Hello newsletter readers,
In early January, I was on the Allegany Indian Reservation, based in Salamanca, N.Y., (a beautiful, albeit cold, time to visit that part of the world), providing technical assistance to the Seneca Nation's transit service, mainly surveying riders on-board. While not there on NCMM matters, I realized something new. I was riding on the run up to Irving, N.Y., when I realized that one doesn't need to have a job title in mobility management to be doing it.
I was enamored with the manner in which Rick, a long-term bus driver, managed his bus. Regardless of if you were a first-time rider or on a first-name basis, Rick wanted to know where you were going and how you wanted to get there. Making sure connections were lined up with neighboring services, that riders knew of the safest way to their destination from their stop, and providing literature and new information about the service to riders, Rick was helping people manage their mobility.
Newly working at NCMM, it has become clear to me that all working in, or with, the realm of transportation are connected through mobility management. Bus drivers, transit planners, mobility management practitioners, case workers and more all have a stake in getting people where they want and need to go, regardless of it being explicitly laid out in their job description. Even those not directly working in the realm of transportation can be a part of the mobility management continuum.
When I worked for a housing non-profit, I was the point of contact for a small repair program serving older homeowners. More often than not, the conversation evolved from an older person applying for repairs to help them age-in-place, to them discussing their difficulties in getting to doctors' appointments or their loneliness in not being able to easily visit family and friends. I ended up collecting information of local providers in the area and, if wanted or not known, provided their contact information. I wondered how the work of those actually doing mobility management (even though I didn't know it was called MM at the time) did what they did, and the impacts they made, but I was doing my own small part at it. A slight example of utilizing mobility management in a non-transportation-oriented realm.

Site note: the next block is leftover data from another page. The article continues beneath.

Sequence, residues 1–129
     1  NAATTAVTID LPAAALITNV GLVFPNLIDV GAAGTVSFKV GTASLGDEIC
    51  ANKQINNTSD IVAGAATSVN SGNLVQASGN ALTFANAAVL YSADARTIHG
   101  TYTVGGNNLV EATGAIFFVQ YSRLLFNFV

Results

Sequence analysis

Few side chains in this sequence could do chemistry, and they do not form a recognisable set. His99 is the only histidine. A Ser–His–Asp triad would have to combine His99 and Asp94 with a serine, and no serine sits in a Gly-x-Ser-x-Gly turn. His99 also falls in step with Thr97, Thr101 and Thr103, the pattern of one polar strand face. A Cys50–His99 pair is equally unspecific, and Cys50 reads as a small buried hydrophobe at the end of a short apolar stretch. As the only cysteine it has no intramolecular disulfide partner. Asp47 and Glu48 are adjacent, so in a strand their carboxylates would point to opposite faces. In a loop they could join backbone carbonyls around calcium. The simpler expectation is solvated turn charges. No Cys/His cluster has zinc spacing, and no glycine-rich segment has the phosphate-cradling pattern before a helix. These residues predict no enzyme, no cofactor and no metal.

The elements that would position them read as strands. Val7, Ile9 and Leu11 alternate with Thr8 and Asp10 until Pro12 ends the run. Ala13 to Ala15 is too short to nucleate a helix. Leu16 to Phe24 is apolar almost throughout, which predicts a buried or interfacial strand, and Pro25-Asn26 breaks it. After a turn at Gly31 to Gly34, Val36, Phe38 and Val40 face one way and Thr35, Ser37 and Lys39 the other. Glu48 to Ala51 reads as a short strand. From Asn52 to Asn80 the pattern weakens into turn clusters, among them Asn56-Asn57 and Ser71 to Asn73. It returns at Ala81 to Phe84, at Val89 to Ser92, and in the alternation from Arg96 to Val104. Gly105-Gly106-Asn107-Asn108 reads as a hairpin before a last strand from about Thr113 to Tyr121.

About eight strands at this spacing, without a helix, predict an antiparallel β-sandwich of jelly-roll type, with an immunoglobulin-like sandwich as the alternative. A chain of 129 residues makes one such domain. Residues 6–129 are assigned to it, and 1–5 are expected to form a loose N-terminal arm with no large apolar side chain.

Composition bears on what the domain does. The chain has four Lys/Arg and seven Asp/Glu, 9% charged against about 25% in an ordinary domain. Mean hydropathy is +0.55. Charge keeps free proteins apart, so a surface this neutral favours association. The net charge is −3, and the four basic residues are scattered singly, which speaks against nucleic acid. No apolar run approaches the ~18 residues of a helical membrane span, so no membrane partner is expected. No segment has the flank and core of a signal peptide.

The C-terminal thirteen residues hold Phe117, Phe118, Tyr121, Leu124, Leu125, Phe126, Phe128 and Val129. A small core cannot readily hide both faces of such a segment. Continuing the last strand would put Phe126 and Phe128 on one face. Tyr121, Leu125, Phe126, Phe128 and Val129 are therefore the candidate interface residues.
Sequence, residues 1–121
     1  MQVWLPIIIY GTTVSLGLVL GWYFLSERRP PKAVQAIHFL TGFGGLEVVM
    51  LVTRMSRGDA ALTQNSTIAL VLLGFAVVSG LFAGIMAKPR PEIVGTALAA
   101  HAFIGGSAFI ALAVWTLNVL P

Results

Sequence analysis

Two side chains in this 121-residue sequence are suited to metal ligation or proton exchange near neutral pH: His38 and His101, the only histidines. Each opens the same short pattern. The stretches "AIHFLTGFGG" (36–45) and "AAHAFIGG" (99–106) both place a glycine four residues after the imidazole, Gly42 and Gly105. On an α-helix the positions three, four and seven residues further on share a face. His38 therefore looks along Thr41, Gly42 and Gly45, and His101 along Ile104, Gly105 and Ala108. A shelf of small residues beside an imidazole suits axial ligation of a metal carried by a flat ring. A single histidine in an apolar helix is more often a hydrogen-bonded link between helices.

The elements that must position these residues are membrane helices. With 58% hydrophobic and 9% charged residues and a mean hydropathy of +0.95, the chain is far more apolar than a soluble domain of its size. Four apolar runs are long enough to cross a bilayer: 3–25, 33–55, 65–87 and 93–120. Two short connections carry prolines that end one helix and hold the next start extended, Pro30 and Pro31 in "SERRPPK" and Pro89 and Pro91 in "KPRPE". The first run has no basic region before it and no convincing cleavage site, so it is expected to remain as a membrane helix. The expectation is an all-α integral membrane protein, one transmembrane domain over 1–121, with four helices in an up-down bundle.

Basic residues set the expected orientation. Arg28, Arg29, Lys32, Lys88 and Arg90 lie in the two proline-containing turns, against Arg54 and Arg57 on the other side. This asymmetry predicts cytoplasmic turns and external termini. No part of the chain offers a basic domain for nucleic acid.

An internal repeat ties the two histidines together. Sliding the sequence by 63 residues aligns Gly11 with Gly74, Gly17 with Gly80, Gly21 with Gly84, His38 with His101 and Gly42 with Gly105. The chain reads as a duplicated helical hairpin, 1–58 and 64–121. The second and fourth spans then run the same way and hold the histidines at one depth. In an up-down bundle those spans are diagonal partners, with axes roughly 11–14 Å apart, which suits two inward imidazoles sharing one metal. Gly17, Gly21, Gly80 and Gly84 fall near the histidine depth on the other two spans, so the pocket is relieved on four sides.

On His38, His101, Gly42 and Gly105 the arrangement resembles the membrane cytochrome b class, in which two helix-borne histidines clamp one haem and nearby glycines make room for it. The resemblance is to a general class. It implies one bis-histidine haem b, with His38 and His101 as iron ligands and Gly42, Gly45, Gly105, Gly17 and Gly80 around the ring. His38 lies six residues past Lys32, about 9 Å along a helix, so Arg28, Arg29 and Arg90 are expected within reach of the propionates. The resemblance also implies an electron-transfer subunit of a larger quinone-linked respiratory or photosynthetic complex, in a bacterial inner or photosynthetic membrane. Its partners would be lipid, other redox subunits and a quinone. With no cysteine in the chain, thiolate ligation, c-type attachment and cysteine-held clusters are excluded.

As you read this month's newsletter, just keep in mind that some of the content on our website can be just as valuable to those on the periphery of mobility management. Share it with them. It may help to improve the lives of people in your community.
As always, if you have a written piece you'd like considered for NCMM's blog, Mobility Lines, any recommendations for website or newsletter content, or just want to reach out, my contact information is below.